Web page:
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National Women’s Day 2019

Posted on August 08, 2019

National Women’s Day 2019

National Women’s Day is celebrated annually in South Africa on 9 August in honour of the 20 000 women of all races who marched to the Union Buildings on 9 August 1956 to protest against apartheid pass laws. The theme for 2019 is ‘25 years of democracy: Growing South Africa together for women’s emancipation’. The theme is a call to South Africa to reflect on the country’s attempts at achieving gender equality across all sectors: the arts, sport, politics, the economy, health, land ownership, entrepreneurship and gender dynamics. Although statistics have shown that women are making substantial progress in business, politics, academic and economic careers, there are several challenges related to women’s health and rights that require increased and sustained advocacy.

The International Federation of Gynecology and Obstetrics (FIGO) has called on all member countries to increase their commitment to women’s sexual and reproductive health, rights and gender equality. FIGO recognises that all women and girls have a right to life, liberty and security, freedom from violence, that is, the right to control one’s health and body. Women have the right to choose when and how many children they may elect to have with voluntary access to modern contraceptive methods, the right to prevention and treatment of sexually transmitted infections, and the right to prevention and treatment of cervical cancer and HIV/AIDS.

The World Health Organisation (WHO) and FIGO have prioritised the following to promote women’s health and well-being:

Human rights and health

A rights-based approach to health requires that health policy and programmes must prioritise the needs of those most disadvantaged first, towards greater equity – a principle that has been echoed in the recently adopted 2030 Agenda for Sustainable Development and Universal Health Coverage.

Maternal mortality

Approximately 830 women die globally each day from preventable causes related to pregnancy and childbirth. Ninety-nine percent of all maternal deaths occur in developing countries. Between 2016 and 2030, as part of the Sustainable Development Goals, the target is to reduce the global maternal mortality ratio to less than 70 per 100 000 live births.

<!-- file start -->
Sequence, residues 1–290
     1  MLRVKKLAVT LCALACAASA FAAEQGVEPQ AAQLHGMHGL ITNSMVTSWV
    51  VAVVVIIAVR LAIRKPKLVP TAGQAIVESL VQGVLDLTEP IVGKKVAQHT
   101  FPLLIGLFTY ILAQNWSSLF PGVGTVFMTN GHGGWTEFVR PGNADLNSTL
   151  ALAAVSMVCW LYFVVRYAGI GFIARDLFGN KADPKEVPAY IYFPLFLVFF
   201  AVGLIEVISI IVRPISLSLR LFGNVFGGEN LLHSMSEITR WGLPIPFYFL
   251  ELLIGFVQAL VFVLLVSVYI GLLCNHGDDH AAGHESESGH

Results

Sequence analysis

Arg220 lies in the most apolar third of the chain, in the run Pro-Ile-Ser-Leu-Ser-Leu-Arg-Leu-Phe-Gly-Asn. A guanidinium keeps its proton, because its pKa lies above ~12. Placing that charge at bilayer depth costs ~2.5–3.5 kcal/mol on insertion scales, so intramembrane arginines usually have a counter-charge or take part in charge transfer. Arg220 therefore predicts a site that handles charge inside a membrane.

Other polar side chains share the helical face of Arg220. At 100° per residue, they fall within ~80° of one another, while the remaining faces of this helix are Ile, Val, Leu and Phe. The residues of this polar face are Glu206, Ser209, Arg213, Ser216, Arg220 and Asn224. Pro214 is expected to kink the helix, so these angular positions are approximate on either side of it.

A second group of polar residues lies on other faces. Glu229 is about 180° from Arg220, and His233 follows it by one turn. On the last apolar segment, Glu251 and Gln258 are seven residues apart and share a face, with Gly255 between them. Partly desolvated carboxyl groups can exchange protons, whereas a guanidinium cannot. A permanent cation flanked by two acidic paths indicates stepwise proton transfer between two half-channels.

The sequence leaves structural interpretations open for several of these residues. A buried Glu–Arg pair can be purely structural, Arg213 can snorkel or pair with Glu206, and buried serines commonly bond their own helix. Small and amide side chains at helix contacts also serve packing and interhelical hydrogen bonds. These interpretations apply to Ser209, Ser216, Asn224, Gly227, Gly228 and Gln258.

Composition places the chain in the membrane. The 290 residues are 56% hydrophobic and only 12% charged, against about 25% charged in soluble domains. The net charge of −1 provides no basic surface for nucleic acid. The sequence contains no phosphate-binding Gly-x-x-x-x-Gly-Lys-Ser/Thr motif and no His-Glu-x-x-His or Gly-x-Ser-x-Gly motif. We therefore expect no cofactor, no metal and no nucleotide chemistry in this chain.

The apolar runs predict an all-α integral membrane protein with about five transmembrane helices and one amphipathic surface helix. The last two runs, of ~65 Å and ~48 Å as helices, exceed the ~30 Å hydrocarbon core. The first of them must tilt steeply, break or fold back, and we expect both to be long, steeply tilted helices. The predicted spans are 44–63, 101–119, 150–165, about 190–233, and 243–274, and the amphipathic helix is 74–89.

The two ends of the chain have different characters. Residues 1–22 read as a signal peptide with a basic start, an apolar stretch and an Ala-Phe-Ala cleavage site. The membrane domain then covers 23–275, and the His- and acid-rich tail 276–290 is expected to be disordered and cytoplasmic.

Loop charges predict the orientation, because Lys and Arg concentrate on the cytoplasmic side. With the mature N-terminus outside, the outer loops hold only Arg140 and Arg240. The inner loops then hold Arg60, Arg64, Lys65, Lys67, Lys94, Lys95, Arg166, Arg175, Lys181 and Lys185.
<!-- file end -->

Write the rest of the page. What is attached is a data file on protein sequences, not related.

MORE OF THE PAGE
Unsafe abortion

Around 25 million unsafe abortions take place worldwide each year. Unsafe abortion contributes to 4,7%–13,2% of global maternal deaths annually.

Adolescent pregnancy

Approximately 16 million girls aged 15 to 19 years and 2,5 million girls under 16 years give birth each year in developing countries. Complications during pregnancy and childbirth are the leading cause for death for 15-to-19-year-old girls globally. Adolescent mothers (ages 10 to 19 years) face higher risks of eclampsia, puerperal endometritis and systemic infections than women aged 20 to 24 years.

Family planning/contraception

About 200 million women of reproductive age in developing countries who want to avoid pregnancy are not using a modern contraceptive method. Contraception reduces the need for abortion and reinforces people’s rights to determine the number and spacing of their children.

Violence against women

Violence against women – particularly intimate partner violence and sexual violence – is a major public health problem and a violation of women’s human rights. Global estimates published by the WHO indicate that about one in three women worldwide have experienced either physical and/or sexual intimate partner violence or non-partner sexual violence in their lifetime.

Cervical cancer

Cervical cancer is the second most common cancer in women living in less developed regions, with an estimated 570 000 new cases in 2018. Approximately 311 000 women died from cervical cancer in 2018; more than 85% of these deaths occurred in low-and middle-income counties. Comprehensive cervical cancer control includes primary prevention (vaccination against HPV), secondary prevention (screening and treatment of pre-cancerous lesions), tertiary prevention (diagnosis and treatment of invasive cervical cancer) and palliative care. Vaccines that protect against HPV 16 and 18 are recommended by the WHO and have been approved for use in many countries.

 Prof Priya Soma-Pillay, Department of Obstetrics and Gynaecology, University of Pretoria and Steve Biko Academic Hospital. Honorary secretary of the South African Society of Obstetricians and Gynaecologists and Executive Board member – International Federation of Gynecology and Obstetrics (FIGO).

 

 

 

 

 

 

 

 

 

 

- Author Prof Priya Soma-Pillay
Last edited by Srinivasu Nadupalli

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